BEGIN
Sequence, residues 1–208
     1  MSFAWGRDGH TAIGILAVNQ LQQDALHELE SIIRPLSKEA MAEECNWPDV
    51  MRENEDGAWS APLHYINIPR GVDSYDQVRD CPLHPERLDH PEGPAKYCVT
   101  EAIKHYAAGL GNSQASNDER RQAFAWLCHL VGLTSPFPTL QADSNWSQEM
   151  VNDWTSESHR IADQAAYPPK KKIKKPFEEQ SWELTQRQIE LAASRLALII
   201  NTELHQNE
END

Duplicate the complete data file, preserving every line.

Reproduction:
Sequence, residues 1–208
     1  MSFAWGRDGH TAIGILAVNQ LQQDALHELE SIIRPLSKEA MAEECNWPDV
    51  MRENEDGAWS APLHYINIPR GVDSYDQVRD CPLHPERLDH PEGPAKYCVT
   101  EAIKHYAAGL GNSQASNDER RQAFAWLCHL VGLTSPFPTL QADSNWSQEM
   151  VNDWTSESHR IADQAAYPPK KKIKKPFEEQ SWELTQRQIE LAASRLALII
   201  NTELHQNE